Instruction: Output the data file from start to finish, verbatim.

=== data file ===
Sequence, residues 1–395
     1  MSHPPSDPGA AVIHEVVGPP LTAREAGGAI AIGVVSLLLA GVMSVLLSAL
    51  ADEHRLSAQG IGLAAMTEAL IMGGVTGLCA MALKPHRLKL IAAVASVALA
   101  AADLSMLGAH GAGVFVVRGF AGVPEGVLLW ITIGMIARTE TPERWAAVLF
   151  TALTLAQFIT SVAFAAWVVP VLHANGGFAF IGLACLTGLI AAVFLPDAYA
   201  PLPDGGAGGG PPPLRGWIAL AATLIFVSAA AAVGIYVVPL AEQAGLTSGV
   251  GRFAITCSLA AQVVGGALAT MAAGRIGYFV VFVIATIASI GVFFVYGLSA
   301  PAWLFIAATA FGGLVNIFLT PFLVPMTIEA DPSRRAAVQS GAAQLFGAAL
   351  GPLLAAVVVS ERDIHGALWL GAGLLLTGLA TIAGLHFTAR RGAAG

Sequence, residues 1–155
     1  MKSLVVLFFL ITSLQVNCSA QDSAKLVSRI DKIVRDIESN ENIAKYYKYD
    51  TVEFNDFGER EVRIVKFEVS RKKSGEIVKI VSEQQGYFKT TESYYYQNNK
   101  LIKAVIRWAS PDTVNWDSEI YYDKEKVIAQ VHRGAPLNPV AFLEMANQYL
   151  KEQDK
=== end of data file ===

Sequence, residues 1–395
     1  MSHPPSDPGA AVIHEVVGPP LTAREAGGAI AIGVVSLLLA GVMSVLLSAL
    51  ADEHRLSAQG IGLAAMTEAL IMGGVTGLCA MALKPHRLKL IAAVASVALA
   101  AADLSMLGAH GAGVFVVRGF AGVPEGVLLW ITIGMIARTE TPERWAAVLF
   151  TALTLAQFIT SVAFAAWVVP VLHANGGFAF IGLACLTGLI AAVFLPDAYA
   201  PLPDGGAGGG PPPLRGWIAL AATLIFVSAA AAVGIYVVPL AEQAGLTSGV
   251  GRFAITCSLA AQVVGGALAT MAAGRIGYFV VFVIATIASI GVFFVYGLSA
   301  PAWLFIAATA FGGLVNIFLT PFLVPMTIEA DPSRRAAVQS GAAQLFGAAL
   351  GPLLAAVVVS ERDIHGALWL GAGLLLTGLA TIAGLHFTAR RGAAG

Sequence, residues 1–155
     1  MKSLVVLFFL ITSLQVNCSA QDSAKLVSRI DKIVRDIESN ENIAKYYKYD
    51  TVEFNDFGER EVRIVKFEVS RKKSGEIVKI VSEQQGYFKT TESYYYQNNK
   101  LIKAVIRWAS PDTVNWDSEI YYDKEKVIAQ VHRGAPLNPV AFLEMANQYL
   151  KEQDK